tv ABC World News Tonight With David Muir ABC July 19, 2019 3:30pm-4:00pm PDT
ilhan. tonight, the heat merges. it's now turned deadly. more than 30 states, oppressive heat. it will feel like 115 degrees in places. the nursing home. the air conditioning failing. the emergency evacuations. the fompler pro football player dying of heat stroke. the fire. and new york city, the black out just days ago. ginger dee times it out. president trump says he is no longer upset with those who chanted "send her back." what he is saying now. and first lady michelle obama tweeting late today. break news at this hour, the u.s. military ship
through the strait of hormuz after two more ships seized by iran. the american sbom her boyfriend on a road trip discovered dead. authorities before the cameras moments ago and what they have revealed. a 737 crashing in the ocean. the computer warning the two pilots they were two low. the rapper under arrest, claiming self-defense and what the video shows. a missing wife. 69 years old. her 4uz breaking down, insisting the police are looking at him as a suspect. and if the heat is getting to you, try the yankees manager who lost it. the choice words and the punishment tonight. good evening. great to have you with us on a friday night. so many of you dealing with the
brutal heat and it's turned deadly now. and 34 starts, more than 200 million americans under alert right now. look at the numbers tomorrow. the heat index. feel like 111 in d.c. 110 in philadelphia. 108 in new york city. the midwest, already seeing numbers that high. tonight, the fompler pro football player who died of heat stroke and a power station exploding leading thousands without power. and several subway lines shut down here in new york city. gio benitez leading us off. >> reporter: tonight, the heat and the high alert. who is most at risk? >>en anyone is at risk. >> reporter: there is a reason parents need watch their kids. you are talking about children, and the body temperature three or five times faster than us. >> correct. they cannot regulate the
temperature like you or i can. >> reporter: not far away. elderly residents forced to evacuate when they lost power. >> describe what it's like in the apartment? >> it's 95 degrees. >> reporter: in chicago -- >> the heat will be so intense today, it could be light thetenning. >> reporter: a heat index of 105 degrees. pushing the limits infrastructure. >> the high temperatures can cause pavement blow outs or roads to buckle. >> reporter: former offensive lineman nick petris dying after working outside all day. he was just 32. new york city san keling the tria triathlon. and worryinged about the black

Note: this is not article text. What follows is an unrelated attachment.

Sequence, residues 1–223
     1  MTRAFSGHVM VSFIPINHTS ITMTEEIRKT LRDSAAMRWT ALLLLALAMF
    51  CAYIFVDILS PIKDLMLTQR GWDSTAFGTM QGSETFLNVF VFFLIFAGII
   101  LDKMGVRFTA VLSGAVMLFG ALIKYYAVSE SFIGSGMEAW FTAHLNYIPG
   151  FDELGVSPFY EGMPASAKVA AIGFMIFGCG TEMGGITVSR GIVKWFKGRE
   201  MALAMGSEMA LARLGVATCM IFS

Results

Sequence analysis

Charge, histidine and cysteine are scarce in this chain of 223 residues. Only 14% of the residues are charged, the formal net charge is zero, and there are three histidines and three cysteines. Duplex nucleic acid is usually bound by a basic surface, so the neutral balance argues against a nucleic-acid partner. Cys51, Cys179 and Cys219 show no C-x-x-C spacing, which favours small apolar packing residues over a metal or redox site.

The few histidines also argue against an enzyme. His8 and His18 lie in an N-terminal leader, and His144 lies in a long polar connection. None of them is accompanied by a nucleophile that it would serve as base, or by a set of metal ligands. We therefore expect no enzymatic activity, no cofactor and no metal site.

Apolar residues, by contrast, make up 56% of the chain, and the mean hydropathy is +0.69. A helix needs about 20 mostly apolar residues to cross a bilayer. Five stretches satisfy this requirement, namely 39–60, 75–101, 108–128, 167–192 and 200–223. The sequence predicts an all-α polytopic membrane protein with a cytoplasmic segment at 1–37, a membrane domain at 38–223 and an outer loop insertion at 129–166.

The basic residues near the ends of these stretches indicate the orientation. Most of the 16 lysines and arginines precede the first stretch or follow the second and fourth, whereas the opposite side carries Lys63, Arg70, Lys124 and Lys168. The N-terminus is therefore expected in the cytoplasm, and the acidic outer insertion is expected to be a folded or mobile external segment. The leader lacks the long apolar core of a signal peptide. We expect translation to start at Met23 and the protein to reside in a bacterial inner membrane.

out. >> we expect id to rival all time weekend peeks. >> reporter: new york city's mayor is asking the residents to turn the them stat up to 78 degrees to help save power. today, we are looking at index of 104. the number can go to 113 over the weekend. we just learned in new york city, several subway lines have shut down. we don't know if that is heat related. there are major concerns over infrastructure. >> thank you. the real concern in new york after the black out days ago. in madison, wisconsin, tonight, look at this. a state of emergency after an explosion at the city's main power center there. it felt like 109 in madison today. the flames shooting 150 feet in the air, knocking out power to thousands. here is abc's steve osunsami.
>> reporter: the timing of this explosion at a power station in madison, wisconsin is so terrible. the state's governor has declared a state of emergency as thousands are having to get through the miserable heat without power. >> there was an explosion -- explosion and a large fire, now. >> reporter: there's an excessive heat warning in the area. today it felt like 109 degrees. >> you think it's 60, a fight? >> reporter: government employees at the state capital were told to leave their hot and humid offices and head home. >> we're checking in with any place that we think may have young people, have seniors, have folks that are likely to be without air conditioning in this heat. >> reporter: adding insult to injury, a second substation caught fire. authorities believe both were caused by mechanical issues. the power is back on tonight but power companies from madison to the east coast are watching for the breakdowns in this heat. david? >> steve and gio, thanks to both of you. let's go to zinger zee live tracking it all for us.
hi, ginger. >> reporter: hi. some of the hurs, sheldon iowa, 121 and look at the excessive heat warnings and advisories froms the oklahoma to vermont and maine. the core of the heat, 115, iowa city, 117 over omaha. that is right now. the core, watch as it slides east. it's going to make its way and settle in the northeast on saturday. that's the hottest day. philadelphia to norfolk, feels like 110. 111 washington, d.c. and hartford, connecticut. a severe thunderstorm watch from cleveland to binghamton, new york. >> we are thinking about the millions in the path of the heat this weekend. ginger, thanks to you again tonight. the president no longer says he is unhappy with the crowds chanting "send her back." calling them incredible
patriots. and when asked about it, the president said i'm joining in the fight. and what he is saying now. and michelle whoeb did not mention the news directly but though she weigh in tonight with a tweet. here is abc's kyra philips tonight. >> reporter: tonight, president trump defending his north carolina supporters who chanted this about minnesota congresswoman ilhan omar who came to the u.s. as a child refugee from somalia. >> send her back! send her back! >> reporter: the chant was inspired by the president's racist tweet suggesting four democratic congresswomen "go back" to the countries they came from, even though all are american citizens and three of them were born here. under pressure from his own party, the president said he felt "a bit badly" about the chant and was not "happy." today, a different tune. >> you know what i'm unhappy with? i'm unhappy with the fact that a congresswoman can hate our country.